As exam season approaches, some parents are putting hundreds of pounds aside to reward their children if they achieve certain grades.

While some parents lambasted the idea as "absolute potatoes", others told Sky News they saw their children's focus increase after offering up to £250 for the top results.

Among them was Sarah Cook, 45, from Dorset, who said cash incentives had improved her eldest daughter's concentration at GCSEs and she promised her youngest, Merryn, the same offer: £100 for a 9, 8 or 7 (A*/A in old money), £50 for a 6 or 5 (B) or £20 for a 4 (C).

"We were definitely all for it and happy to pay up based on achievement. I think it reflects real life as well - if you do well in your job, you tend to get paid more," Ms Cook said.

Merryn, 13, added: "I think it is better for the motivation and for that extra encouragement to get the highest you possibly can and to push yourself more."

Robert Gidney, from Norfolk, said his 14-year-old son's results had improved by a grade since the family decided on reward money: £250 for a grade 9, reduced by £50 for each lower grade, with no reward for grades below 5.

"He seems to be concentrating a lot more on it. He has been studying a lot more and putting a lot more effort in."

He admitted the practice might not be for everyone - something mother of two Sarah Paterson, 57, from Cheshire, would agree with.

"Never in a million years," she said, recalling how her children, now aged 26 and 37, would protest that their friends were being offered cash rewards.

"It's absolute potatoes. What are you setting you kids up for there?

"If they are going to academic, they are going to be academic. Life is about self-motivation."

What the psychologists say

External motivators like money can help children focus in the short term, but they "eventually kill off intrinsic motivation", said Dr Cath Lowther, general secretary of the Association of Educational Psychologists.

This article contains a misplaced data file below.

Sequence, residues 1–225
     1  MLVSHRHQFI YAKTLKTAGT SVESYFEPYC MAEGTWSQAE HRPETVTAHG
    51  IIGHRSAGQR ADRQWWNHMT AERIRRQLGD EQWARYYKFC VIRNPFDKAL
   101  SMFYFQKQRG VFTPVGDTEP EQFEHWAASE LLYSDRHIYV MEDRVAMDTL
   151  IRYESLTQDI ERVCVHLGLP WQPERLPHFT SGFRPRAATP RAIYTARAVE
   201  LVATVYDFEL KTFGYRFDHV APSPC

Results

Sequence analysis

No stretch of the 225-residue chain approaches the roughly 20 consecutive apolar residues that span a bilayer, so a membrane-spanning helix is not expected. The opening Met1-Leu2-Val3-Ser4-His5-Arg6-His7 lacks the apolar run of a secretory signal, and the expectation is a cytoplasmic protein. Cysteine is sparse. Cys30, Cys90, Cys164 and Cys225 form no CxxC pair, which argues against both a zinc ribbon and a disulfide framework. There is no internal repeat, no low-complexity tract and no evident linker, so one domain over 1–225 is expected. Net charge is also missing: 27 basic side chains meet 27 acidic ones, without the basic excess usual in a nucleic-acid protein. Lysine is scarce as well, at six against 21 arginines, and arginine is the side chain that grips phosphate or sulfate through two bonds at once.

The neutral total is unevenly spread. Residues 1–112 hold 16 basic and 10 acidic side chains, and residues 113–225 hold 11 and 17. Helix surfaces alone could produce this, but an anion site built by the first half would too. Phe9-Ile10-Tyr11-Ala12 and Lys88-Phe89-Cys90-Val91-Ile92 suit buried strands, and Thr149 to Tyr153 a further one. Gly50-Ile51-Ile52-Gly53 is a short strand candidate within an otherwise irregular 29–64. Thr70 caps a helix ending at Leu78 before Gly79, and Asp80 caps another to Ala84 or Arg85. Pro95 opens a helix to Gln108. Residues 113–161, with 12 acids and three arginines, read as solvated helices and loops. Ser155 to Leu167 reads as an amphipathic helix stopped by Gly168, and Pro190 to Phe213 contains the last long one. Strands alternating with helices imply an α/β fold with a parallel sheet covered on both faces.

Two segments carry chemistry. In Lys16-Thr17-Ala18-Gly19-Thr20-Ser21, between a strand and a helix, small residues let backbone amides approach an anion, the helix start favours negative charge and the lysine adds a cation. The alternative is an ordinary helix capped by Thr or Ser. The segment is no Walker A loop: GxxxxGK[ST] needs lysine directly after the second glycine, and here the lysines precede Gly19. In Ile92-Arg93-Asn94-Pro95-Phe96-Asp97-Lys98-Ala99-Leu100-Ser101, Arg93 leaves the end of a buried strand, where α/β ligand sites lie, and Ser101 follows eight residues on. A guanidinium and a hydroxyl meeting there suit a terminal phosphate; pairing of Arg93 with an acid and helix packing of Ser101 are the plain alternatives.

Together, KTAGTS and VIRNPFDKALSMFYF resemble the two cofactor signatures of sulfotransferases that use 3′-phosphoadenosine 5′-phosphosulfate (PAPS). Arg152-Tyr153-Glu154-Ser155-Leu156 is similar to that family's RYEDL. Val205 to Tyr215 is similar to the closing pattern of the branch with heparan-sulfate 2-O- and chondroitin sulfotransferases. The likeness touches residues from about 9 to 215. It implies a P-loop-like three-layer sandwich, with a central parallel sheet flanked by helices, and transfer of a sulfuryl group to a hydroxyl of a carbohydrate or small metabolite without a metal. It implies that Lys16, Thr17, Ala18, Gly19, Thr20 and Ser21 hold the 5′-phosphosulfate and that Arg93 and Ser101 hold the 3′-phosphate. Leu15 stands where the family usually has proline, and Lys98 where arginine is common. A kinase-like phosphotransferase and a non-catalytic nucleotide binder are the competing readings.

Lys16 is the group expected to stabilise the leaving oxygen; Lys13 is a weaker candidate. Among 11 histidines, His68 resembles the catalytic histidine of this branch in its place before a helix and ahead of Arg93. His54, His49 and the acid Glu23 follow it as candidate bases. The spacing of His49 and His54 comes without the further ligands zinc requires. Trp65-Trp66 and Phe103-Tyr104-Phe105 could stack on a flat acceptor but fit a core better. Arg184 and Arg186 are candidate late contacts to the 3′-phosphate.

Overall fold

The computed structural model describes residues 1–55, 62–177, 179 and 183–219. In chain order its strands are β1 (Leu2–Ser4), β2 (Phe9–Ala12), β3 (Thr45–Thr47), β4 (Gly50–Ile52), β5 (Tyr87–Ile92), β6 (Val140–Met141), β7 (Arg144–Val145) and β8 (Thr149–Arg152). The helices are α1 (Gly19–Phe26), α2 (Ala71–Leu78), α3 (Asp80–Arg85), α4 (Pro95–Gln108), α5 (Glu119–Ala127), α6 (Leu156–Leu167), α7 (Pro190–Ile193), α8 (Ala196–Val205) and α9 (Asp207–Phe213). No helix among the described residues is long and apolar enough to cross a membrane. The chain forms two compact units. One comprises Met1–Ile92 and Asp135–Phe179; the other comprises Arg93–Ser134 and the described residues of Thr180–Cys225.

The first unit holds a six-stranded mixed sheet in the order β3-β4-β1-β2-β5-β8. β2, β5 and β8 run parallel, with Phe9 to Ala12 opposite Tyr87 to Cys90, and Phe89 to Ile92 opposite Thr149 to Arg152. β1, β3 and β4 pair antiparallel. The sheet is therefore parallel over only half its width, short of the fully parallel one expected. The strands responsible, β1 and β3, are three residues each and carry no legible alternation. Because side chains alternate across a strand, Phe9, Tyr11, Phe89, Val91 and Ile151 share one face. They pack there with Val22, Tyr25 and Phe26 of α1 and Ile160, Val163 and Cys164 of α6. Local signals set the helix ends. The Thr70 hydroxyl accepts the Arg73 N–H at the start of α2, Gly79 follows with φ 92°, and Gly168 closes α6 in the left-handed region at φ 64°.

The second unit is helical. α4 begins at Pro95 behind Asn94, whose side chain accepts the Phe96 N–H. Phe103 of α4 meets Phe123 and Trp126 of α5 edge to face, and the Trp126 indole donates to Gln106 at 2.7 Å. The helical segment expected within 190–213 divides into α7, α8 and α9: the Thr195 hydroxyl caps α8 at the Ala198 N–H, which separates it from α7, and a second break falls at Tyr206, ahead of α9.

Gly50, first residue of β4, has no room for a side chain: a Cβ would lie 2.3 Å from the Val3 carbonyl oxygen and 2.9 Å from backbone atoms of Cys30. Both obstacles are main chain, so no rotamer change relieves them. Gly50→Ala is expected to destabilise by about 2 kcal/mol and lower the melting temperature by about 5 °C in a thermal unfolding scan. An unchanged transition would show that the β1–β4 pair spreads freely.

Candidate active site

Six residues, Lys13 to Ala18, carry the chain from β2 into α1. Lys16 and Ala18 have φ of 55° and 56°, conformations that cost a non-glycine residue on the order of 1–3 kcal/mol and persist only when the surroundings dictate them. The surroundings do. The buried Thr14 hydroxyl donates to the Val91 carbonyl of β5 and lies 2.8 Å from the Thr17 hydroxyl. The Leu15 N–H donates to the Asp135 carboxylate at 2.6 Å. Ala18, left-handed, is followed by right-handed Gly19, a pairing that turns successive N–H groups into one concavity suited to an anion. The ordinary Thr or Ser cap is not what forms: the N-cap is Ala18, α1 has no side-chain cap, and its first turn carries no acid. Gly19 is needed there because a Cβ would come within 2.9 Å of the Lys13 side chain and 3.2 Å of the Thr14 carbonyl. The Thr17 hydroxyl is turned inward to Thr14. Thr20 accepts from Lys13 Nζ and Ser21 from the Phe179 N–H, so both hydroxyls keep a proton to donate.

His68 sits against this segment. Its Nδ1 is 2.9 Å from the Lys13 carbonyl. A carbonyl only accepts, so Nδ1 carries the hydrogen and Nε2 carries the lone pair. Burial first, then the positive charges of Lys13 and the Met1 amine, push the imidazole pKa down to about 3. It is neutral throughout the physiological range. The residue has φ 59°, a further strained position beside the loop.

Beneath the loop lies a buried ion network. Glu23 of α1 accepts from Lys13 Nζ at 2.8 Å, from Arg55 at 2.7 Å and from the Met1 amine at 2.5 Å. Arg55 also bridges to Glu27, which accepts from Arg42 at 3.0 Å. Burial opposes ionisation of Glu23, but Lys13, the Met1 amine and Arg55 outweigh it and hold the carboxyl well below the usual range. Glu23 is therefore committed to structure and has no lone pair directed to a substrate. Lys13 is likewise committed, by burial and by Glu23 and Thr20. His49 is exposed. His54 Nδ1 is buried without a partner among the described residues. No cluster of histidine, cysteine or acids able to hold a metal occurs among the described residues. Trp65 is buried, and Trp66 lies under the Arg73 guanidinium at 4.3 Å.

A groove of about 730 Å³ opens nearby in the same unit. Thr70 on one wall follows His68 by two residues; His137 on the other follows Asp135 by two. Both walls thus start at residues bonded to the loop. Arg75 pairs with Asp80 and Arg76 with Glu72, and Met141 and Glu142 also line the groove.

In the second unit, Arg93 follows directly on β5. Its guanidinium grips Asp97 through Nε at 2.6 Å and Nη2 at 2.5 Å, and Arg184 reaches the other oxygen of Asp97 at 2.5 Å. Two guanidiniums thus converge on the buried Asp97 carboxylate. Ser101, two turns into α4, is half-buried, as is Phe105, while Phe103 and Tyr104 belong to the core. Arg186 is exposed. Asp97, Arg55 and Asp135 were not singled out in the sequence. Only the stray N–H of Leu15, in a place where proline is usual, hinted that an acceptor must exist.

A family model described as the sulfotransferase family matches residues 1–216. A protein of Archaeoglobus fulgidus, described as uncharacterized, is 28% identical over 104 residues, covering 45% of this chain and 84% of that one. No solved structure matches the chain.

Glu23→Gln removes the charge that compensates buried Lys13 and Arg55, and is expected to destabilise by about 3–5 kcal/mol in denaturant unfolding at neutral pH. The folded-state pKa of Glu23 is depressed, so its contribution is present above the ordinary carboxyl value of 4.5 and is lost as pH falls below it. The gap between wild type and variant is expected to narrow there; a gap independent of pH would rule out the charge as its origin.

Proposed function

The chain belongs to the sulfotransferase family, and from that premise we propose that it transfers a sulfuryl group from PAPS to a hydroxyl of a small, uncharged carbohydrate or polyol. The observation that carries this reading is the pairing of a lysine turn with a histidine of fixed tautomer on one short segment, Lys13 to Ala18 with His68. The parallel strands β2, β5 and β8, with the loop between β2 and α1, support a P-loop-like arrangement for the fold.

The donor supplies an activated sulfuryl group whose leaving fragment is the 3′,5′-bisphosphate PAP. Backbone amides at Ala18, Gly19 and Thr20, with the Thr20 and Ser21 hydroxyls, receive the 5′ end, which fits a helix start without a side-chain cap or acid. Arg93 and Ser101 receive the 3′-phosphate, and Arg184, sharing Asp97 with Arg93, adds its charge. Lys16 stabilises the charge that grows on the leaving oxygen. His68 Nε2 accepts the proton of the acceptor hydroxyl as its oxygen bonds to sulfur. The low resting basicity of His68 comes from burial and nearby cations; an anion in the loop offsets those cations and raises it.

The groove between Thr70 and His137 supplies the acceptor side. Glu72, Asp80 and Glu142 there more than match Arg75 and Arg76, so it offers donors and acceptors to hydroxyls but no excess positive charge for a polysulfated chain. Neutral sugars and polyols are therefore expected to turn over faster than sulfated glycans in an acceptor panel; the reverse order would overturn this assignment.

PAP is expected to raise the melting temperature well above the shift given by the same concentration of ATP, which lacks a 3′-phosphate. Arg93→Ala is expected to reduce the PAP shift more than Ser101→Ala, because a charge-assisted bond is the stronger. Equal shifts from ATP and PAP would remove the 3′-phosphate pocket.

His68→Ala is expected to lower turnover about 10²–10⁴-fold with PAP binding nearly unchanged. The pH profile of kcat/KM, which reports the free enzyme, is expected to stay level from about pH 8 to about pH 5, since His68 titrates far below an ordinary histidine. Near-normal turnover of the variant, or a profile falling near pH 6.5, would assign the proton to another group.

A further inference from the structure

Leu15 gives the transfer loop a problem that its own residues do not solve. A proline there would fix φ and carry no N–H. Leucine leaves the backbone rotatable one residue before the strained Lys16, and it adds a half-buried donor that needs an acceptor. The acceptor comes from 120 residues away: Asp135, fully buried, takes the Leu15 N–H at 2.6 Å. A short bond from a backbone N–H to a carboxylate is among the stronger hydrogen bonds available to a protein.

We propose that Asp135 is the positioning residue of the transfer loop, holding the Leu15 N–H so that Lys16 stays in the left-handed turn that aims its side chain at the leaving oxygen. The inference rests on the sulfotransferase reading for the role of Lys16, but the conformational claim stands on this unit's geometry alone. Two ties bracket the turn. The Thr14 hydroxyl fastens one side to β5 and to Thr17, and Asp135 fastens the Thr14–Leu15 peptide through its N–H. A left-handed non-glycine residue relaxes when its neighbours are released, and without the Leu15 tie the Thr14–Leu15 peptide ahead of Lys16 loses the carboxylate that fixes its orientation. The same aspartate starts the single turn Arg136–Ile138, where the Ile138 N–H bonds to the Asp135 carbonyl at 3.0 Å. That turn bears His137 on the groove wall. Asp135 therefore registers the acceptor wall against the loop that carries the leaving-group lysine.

She said all children were intrinsically interested in learning, but regular external incentives "erode the engines of motivation" that cause them to find joy in learning or set and achieve their own goals.

It could also cause conflict and jealousy in some schools, with "children in that classroom who can't afford breakfast".

There is already too much pressure on children, said Dr Emma Citron, consultant clinical psychologist and chartered member of the British Psychological Society.

They are already trying to catch up after the pandemic and taking exams that could determine if they get a university place, she said.

"I just think that it's sending all the wrong messages as parents. You're adding to their pressure and actually, more importantly, changing the dynamic between you and your children.

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"You're making it conditional on outcome, on reward, rather than what we know to be good, which is unconditional approval and validation."

Parents ought to be "quietly supportive" and act in a pastoral capacity, she said.

Teachers split on the practice

Charlotte, a biology teacher at a private school, who did not wish to give her last name, said approximately 20% of a given year group were offered cash incentives by their parents.

The educator of 30 years said those children often found academia harder, misbehaved or hadn't put in much work before exam season.

"It's not that much fun, revising, it's pretty dull, so I think anything that is an incentive is probably a good thing."

She said her children, now adults, were not offered cash, adding they had dyslexia and dyspraxia.

"They knew that what we required was just for them to do their best," she said.

A 26-year-old teacher at a state school in Reading said she hadn't found cash incentives were common during her four years as a teacher, but she was offered money by her parents when she took exams.

"I think sometimes it could be effective, but it could put more pressure on the pupil and I don't know if it's healthy," said the teacher, who did not wish to be named.

"They are going to feel disappointed if they don't get the grades no matter what."

Dr Lowther said cash incentives spoke to a wider problem with the British schooling system, where external motivators are built in from the start, rather than practices that foster intrinsic motivators like autonomy and connection to others.

From gold stars at reception to narrow choices in the national curriculum, schools focus on extrinsic incentives, she said.

"It would be great if there could be some real thinking about the curriculum and getting science behind how it's developed and how it's implemented," she said.

2024-04-24T18:50:58Z dg43tfdfdgfd